When I was little, my parents really only wanted me to be a scientist or a doctor; they had never even heard of law school. I think even these days if you were to tell your mother you want to be a fashion designer, or an artist or a writer, a lot of Asian parents would be alarmed because they don’t think that’s a secure career.
In Chinese culture, it wouldn’t occur to kids to question or talk back to their parents. In American culture, kids in books, TV shows and movies constantly score points with their snappy back talk. Typically, it’s the parents who need to be taught a life lesson – by their children.
The Romans thought of themselves as the chosen people, yet they built the greatest army on Earth by recruiting warriors from any background.
I see my upbringing as a great success story. By disciplining me, my parents inculcated self-discipline. And by restricting my choices as a child, they gave me so many choices in my life as an adult. Because of what they did then, I get to do the work I love now.
Some parents let their kids sleep at other people’s houses, where they drink alcohol, watch TV for hours and God knows what else. But if you say you have to get all A’s and practice the violin for two hours, then they consider that abusive. That upsets me.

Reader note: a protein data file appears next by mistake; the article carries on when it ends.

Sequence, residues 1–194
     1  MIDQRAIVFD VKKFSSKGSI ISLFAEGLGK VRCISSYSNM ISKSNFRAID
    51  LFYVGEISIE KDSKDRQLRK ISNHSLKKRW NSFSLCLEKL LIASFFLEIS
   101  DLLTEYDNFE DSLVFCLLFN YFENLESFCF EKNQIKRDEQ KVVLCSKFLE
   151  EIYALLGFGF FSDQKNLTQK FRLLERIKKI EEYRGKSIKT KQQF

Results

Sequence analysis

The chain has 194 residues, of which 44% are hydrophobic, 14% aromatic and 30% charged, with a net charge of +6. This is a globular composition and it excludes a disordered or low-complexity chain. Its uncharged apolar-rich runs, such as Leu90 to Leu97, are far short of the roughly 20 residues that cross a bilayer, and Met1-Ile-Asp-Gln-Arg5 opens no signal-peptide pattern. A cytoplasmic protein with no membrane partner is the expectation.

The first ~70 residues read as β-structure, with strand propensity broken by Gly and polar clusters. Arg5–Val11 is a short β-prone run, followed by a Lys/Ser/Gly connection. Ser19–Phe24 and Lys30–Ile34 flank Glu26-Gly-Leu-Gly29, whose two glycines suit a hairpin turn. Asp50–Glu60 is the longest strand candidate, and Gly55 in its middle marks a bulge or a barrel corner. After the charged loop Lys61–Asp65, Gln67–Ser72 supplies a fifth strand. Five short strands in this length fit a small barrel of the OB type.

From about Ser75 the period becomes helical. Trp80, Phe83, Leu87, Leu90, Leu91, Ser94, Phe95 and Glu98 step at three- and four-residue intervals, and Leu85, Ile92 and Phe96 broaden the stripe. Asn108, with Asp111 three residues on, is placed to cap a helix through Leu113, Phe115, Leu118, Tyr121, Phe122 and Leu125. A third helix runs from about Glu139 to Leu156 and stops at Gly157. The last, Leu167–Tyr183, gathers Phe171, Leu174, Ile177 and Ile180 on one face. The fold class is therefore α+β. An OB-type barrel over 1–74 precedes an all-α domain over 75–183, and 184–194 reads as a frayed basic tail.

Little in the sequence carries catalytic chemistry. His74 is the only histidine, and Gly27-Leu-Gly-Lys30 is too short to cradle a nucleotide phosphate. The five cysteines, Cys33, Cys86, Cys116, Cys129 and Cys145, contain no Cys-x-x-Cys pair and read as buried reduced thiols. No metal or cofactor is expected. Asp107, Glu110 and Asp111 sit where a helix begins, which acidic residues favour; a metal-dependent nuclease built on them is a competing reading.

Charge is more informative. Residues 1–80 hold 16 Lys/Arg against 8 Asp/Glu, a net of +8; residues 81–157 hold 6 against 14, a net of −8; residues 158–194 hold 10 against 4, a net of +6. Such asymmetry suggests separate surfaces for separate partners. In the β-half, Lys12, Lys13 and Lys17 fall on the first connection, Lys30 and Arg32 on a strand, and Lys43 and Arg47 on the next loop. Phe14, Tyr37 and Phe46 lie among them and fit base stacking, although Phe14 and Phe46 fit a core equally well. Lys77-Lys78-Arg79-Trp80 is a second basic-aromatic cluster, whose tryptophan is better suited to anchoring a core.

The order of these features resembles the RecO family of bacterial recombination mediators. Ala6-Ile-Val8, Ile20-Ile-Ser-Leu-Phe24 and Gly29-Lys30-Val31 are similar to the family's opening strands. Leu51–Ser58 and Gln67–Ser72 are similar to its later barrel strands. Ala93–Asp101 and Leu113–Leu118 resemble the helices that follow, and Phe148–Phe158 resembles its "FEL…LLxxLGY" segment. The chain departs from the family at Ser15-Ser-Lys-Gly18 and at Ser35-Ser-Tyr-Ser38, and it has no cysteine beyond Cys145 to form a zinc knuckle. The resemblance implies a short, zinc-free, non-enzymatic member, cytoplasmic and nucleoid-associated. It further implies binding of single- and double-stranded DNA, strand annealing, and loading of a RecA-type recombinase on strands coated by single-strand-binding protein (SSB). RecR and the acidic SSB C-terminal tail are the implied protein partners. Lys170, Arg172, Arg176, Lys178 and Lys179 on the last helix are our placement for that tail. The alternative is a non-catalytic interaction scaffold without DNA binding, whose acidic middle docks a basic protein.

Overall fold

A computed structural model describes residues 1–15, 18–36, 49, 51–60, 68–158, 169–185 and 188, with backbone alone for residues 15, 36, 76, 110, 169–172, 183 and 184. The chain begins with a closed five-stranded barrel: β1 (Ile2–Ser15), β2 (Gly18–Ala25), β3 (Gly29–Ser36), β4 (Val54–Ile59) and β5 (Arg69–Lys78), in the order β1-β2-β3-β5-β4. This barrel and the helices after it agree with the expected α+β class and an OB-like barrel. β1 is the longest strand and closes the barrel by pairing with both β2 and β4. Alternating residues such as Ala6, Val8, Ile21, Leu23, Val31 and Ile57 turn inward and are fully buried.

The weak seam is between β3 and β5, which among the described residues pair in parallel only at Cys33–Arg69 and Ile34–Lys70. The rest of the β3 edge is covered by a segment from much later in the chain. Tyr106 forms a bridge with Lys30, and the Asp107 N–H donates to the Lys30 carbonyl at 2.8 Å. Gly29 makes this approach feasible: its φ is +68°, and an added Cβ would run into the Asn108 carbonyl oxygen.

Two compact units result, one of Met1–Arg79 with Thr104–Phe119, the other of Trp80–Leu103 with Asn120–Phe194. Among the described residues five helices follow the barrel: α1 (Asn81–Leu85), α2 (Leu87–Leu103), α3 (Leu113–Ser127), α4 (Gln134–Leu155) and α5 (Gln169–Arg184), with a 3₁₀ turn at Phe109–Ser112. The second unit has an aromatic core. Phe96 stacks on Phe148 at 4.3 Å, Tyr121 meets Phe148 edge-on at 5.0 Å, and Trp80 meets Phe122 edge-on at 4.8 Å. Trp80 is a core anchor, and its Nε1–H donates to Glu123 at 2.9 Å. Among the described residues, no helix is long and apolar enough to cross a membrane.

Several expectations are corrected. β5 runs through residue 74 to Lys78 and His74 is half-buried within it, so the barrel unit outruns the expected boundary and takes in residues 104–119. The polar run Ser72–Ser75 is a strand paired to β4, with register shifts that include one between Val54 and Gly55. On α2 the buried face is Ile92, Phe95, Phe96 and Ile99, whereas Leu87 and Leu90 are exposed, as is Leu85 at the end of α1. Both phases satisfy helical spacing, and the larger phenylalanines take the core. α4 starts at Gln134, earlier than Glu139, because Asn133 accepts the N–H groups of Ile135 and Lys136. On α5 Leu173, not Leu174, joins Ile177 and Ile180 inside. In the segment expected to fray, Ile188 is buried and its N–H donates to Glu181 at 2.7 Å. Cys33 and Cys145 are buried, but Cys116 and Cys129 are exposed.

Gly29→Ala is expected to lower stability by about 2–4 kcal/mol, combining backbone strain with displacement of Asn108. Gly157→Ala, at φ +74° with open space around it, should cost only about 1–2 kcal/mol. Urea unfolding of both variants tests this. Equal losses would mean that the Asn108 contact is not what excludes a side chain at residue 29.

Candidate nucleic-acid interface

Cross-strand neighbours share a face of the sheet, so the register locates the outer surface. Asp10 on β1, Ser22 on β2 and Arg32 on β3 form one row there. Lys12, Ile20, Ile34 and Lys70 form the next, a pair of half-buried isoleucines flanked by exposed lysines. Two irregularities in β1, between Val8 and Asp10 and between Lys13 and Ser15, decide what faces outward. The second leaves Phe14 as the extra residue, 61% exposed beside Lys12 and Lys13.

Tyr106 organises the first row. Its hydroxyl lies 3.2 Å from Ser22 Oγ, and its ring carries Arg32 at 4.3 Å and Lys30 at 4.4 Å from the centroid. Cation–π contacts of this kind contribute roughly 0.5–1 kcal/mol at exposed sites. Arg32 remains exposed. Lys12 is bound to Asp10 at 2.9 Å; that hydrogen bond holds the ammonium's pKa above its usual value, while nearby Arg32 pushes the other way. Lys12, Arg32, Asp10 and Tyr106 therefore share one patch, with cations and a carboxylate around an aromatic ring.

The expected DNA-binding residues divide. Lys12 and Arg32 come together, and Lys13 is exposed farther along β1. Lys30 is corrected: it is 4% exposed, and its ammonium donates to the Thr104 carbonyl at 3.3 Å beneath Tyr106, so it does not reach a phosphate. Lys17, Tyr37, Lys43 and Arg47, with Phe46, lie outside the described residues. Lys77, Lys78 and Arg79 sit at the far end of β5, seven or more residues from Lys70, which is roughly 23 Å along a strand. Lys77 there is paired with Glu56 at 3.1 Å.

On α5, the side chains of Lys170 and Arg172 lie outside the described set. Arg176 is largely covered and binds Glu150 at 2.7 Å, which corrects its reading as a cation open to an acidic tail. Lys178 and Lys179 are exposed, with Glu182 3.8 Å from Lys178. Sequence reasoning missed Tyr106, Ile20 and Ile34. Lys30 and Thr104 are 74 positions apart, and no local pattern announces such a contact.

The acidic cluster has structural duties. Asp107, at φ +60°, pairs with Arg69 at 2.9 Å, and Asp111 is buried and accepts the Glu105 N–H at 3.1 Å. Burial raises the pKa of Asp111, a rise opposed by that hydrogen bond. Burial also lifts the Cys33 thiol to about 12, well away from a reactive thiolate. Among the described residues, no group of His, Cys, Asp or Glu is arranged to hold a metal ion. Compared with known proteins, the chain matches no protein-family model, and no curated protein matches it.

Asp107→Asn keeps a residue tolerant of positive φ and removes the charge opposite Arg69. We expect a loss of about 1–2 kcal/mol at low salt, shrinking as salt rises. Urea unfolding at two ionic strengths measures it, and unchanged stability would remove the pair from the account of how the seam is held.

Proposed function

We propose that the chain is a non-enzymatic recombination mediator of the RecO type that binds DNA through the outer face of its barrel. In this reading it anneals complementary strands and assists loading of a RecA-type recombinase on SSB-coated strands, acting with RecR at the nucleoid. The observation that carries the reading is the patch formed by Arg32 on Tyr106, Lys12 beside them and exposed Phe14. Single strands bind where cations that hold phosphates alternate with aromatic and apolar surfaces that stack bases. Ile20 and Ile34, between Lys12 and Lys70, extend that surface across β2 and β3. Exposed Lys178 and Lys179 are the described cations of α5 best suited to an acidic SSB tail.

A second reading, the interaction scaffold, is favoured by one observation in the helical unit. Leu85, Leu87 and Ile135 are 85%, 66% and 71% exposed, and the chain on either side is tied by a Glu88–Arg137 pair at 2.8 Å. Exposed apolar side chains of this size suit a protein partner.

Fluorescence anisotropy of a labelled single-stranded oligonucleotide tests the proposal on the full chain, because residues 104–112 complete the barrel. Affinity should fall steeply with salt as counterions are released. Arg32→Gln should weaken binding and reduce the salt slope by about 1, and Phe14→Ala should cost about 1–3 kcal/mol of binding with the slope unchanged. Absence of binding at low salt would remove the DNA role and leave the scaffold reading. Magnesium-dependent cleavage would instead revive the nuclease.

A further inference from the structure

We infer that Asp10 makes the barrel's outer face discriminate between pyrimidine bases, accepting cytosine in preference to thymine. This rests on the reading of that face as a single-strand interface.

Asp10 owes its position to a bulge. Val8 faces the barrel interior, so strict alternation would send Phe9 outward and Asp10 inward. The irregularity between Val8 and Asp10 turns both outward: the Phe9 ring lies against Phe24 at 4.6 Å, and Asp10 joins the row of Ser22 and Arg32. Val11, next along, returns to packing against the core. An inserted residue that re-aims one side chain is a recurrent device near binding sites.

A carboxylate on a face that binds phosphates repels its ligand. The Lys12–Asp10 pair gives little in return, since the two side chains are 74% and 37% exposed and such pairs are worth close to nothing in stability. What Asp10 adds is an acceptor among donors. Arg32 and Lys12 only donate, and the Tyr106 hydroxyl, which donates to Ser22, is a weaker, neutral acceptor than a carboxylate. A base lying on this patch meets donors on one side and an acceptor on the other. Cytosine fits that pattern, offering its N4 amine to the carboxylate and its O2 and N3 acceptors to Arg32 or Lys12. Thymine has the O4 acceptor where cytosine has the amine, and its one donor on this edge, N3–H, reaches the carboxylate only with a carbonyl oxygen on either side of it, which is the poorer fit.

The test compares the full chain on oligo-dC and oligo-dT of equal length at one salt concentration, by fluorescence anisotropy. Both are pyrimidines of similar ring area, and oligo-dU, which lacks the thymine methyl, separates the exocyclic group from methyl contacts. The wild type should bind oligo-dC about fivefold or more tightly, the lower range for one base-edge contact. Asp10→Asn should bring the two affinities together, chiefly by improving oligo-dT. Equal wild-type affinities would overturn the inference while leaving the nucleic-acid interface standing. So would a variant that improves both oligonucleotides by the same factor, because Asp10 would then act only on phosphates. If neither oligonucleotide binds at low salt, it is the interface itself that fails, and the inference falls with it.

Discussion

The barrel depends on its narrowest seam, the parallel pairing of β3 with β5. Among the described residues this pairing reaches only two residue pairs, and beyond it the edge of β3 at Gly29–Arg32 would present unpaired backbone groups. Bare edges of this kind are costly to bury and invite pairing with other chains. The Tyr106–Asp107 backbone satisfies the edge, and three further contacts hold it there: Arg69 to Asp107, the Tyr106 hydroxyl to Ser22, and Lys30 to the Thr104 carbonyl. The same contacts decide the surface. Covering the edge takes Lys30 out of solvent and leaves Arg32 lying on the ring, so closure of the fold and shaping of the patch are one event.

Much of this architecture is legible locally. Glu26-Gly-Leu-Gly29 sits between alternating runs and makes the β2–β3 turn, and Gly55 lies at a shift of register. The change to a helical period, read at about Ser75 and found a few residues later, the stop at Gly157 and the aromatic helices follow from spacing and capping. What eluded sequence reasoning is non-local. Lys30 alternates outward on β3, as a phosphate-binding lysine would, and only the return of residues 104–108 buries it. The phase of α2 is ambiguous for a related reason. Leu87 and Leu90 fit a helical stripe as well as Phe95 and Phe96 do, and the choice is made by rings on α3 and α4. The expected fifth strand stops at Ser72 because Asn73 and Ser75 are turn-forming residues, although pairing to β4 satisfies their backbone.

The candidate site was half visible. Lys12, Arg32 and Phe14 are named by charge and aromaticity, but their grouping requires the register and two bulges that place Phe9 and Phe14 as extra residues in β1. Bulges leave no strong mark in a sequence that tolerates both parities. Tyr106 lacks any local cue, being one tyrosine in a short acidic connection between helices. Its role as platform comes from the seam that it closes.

Westerners often laud their children as ‘talented’ or ‘gifted’, while Asian parents highlight the importance of hard work. And in fact, research performed by Stanford psychologist Carol Dweck has found that the way parents offer approval affects the way children perform, even the way they feel about themselves.
When I’m not the Tiger Mom, I’m a professor at Yale Law School, and if one thing is clear to me from years of teaching, it’s that there are many ways to produce fabulous kids. I have amazing students; some of them have strict parents, others have lenient parents, and many come from family situations that defy easy description.
I was the one that in a very overconfident immigrant way thought I knew exactly how to raise my kids. My husband was much more typical. He had a lot of anxiety; he didn’t think he knew all the right choices. And, I was the one willing to put in the hours.
For my senior prom, my father finally said I could go – as long as I was home by 9 P.M.! That was around the time that most people were heading out. When I was little I was so mad at them all the time. ‘Why can’t I do this?’ ‘Why are there so many rules?’ But looking back now, my parents gave me the foundation to have so many choices in life.
I saw my parents come over. They were immigrants, they had no money. My dad wore the same pair of shoes, I had some ugly clothes growing up, and I never had any privileges. In some ways, I think the person that I am now, I think it’s good that I had that kind of tough upbringing.